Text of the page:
Everyone’s Talking About…Working In Council

Here’s another big employer and it’s such a fascinating ecosystem  I thought I’d meet up with an employee of the Hills Shire Council and find out. I went straight to the top and met with the General Manager, Michael Edgar.

First impressions of the offices are very modern, efficient and professional. There’s lots of natural light and it appears spacious and busy. The friendly Concierge triaged me into a waiting area upstairs and it wasn’t long before Michael came out to greet me and take me to a meeting room.

If Michael is typical of the Hills Council employees then I imagine it’d be a lovely place to work.  He is warm, friendly and talks very easily about his time at the Council.  This isn’t his first rodeo.  Michael started as a trainee at Blacktown Council and from there to the Blue Mountains and then to the Hills.  Now he leads around 600 people.

Given that Michael has worked at three different councils, I asked if he could paint me a picture of his perspective of this Council and the people in this shire. “I would describe this community as a ‘can do’ community.  People here really pitch in and look for Council to facilitate rather than do it all.  Not just in business but also the developers and  the volunteering network.  We have a lot of volunteers in aged services, bush care, regeneration – yes there’s a high degree of ‘can do’. This Council also takes on a businesslike approach. They would be the main differences.”

“I have really fond memories throughout my entire career working in councils – the people that work in Council are decent, good people – that’s not different between the councils.  It’s congenial and it feels good.  I find that people who work in councils are community minded; they know that what they do contributes to the community and its quality of life.  We are also very mindful that we are delivering our services to the community using largely their money so it’s important we make good use of it.  What is also important, is that the priorities and budgets are given oversight and direction by the Mayor and elected Councillors as the governing body of the organisation which adds another dimension to our work as we align ourselves with their direction, vision and values as elected officials.”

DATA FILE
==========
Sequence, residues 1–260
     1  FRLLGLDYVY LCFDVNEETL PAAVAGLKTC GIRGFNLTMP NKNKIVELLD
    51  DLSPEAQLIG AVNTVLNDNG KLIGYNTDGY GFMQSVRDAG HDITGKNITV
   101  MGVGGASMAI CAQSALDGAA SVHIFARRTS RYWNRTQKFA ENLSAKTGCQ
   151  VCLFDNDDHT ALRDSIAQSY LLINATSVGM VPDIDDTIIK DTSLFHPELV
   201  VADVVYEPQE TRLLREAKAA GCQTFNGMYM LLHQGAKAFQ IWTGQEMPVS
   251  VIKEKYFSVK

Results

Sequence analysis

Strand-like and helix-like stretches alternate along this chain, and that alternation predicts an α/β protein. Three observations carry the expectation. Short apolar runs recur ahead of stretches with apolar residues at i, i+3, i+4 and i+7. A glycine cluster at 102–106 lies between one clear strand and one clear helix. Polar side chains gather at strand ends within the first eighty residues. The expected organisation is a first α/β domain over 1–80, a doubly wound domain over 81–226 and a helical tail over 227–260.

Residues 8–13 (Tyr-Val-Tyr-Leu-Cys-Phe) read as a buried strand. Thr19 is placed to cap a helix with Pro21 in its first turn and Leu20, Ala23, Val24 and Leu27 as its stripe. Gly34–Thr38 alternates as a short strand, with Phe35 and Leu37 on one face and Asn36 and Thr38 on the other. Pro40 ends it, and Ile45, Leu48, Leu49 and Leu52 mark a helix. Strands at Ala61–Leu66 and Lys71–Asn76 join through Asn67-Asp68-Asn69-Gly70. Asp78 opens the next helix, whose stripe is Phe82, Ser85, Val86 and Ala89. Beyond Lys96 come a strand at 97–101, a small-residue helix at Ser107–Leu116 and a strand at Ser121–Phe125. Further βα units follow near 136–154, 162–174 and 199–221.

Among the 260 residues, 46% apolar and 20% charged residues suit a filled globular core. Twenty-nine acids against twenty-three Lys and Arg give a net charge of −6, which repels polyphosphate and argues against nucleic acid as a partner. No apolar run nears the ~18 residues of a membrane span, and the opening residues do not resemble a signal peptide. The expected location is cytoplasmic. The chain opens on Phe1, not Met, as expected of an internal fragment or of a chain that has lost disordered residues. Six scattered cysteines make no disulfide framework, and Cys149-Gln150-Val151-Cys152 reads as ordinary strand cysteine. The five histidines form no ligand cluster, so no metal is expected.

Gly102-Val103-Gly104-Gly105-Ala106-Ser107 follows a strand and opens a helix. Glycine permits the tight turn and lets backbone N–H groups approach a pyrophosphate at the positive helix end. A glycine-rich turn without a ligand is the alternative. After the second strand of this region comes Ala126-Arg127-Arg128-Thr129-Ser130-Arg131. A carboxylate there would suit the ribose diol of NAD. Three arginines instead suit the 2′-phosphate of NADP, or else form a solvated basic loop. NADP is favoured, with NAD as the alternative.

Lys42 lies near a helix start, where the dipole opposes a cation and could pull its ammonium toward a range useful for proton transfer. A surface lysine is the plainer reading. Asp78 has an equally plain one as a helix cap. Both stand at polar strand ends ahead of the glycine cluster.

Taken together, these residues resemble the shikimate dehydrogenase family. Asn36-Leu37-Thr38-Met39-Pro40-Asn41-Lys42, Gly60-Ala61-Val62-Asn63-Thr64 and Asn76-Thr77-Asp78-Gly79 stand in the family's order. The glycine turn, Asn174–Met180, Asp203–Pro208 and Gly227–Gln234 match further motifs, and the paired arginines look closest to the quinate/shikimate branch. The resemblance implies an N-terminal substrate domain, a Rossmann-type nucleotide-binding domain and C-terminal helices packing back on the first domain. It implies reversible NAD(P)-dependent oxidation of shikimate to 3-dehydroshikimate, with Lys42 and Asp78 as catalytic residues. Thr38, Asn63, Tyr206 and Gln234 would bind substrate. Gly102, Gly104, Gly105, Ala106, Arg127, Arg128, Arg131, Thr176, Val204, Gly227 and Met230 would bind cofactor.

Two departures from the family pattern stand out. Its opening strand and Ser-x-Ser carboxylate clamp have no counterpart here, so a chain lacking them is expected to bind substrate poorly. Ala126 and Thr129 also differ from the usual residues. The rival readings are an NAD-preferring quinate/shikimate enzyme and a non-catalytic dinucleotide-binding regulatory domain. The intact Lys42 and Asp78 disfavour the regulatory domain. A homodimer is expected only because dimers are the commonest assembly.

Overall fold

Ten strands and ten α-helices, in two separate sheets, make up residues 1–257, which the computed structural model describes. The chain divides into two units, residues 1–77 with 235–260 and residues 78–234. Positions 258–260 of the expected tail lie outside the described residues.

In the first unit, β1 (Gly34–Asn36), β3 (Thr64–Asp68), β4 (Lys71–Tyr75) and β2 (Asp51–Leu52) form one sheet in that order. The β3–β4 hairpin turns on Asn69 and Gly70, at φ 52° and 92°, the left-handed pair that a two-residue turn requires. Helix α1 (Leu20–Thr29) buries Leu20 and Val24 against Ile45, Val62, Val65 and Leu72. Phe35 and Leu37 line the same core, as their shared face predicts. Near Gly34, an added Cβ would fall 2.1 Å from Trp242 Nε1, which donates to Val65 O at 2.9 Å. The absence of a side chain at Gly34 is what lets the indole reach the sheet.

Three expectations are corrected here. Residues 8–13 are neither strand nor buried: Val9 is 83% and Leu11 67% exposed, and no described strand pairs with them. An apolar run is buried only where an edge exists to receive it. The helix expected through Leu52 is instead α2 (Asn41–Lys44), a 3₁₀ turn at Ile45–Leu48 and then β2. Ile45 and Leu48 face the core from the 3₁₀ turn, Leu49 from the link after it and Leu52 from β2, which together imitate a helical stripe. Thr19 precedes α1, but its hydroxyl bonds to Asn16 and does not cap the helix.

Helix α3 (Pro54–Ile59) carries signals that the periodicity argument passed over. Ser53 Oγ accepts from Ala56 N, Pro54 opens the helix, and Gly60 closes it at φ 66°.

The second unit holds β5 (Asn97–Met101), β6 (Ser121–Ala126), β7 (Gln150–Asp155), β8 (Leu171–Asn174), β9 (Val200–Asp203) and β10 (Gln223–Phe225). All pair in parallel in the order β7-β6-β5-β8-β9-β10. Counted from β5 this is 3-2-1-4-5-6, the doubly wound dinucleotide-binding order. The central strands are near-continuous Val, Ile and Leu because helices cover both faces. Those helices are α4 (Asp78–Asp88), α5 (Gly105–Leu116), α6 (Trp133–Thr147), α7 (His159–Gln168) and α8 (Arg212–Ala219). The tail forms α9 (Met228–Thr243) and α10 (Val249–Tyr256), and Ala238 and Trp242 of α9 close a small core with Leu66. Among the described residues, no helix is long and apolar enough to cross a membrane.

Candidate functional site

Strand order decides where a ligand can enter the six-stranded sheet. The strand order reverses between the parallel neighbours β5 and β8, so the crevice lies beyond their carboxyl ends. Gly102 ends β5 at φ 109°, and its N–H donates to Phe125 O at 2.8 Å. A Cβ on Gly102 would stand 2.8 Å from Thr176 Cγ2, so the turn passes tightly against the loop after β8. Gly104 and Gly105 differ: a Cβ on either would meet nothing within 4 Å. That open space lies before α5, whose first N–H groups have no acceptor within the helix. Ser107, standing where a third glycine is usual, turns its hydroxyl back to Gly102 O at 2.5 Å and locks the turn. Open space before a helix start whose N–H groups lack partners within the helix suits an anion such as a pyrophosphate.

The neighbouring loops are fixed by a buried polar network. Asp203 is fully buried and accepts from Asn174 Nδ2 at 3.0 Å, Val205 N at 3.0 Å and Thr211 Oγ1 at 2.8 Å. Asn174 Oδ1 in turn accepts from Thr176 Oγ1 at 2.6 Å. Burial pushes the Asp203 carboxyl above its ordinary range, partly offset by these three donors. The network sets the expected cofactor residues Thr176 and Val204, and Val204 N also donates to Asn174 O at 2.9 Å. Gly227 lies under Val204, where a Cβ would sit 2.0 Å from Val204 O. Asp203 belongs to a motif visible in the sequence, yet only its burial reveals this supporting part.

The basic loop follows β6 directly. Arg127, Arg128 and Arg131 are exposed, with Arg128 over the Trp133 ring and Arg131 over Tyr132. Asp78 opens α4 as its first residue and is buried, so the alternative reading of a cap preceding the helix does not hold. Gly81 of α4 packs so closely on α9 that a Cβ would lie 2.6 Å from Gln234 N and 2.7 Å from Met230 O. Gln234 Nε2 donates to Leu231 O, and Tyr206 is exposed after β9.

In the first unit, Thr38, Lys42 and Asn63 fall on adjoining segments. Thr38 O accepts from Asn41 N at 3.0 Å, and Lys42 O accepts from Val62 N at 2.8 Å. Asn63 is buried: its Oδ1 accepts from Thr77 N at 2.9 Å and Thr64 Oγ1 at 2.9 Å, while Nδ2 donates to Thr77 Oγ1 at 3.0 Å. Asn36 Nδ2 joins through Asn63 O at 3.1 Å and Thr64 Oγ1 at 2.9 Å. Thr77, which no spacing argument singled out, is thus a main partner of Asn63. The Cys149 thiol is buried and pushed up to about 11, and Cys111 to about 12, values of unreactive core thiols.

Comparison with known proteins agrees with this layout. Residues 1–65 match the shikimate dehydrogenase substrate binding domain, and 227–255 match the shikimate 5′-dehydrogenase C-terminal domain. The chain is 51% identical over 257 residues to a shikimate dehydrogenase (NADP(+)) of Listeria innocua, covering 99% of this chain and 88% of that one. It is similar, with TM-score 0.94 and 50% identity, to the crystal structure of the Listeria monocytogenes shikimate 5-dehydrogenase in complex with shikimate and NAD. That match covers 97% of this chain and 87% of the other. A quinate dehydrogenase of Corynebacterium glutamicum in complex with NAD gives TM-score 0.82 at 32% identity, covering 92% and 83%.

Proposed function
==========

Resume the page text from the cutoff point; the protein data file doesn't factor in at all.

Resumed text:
“What I think people not working in council are often surprised about is the range of positions we have. I think people think we just collect rates and rubbish” he said with a smile. “We have a wide range of positions from Childcare workers to Engineers, Planners, IT people, Accountants, Building Surveyors, Compliance Officers, Environmental Health Officers, Trainees, Journalists, Gardeners, Civil workers, Property Officers, Community services, Events staff, Marketing staff, Librarians, Customer services officers and many more supportive roles.  The diversity of business activities and professions is not always obvious.“

So, what attracts people to work at council?

“We are very supportive employers and the work is both challenging but rewarding.  We help people develop through education assistance, career development support and access to employee assistance programs. I’d like to think we also have a close collaboration between the leadership team, management and our employees. I can’t quote the exact figure off the top of my head but our staff turnover is in single figures. And, in all of my years in councils I’ve always experienced supportive working environments and have always sought to address areas of negativity or inappropriate behaviour. Work satisfaction is high in a council position.  Everything we are working on here affects the wellbeing of the community. Town Planners and Engineers would never have the opportunity to work on such incredible urban growth and local infrastructure projects as they do at council.  Can you imagine the satisfaction of working on projects and seeing new and existing communities come to life?  We work in ten year cycles but our planning must have a vision of the future – out past 30 years.  It’s incredibly fulfilling.  People like to engage in meaningful work.  Council work is meaningful.”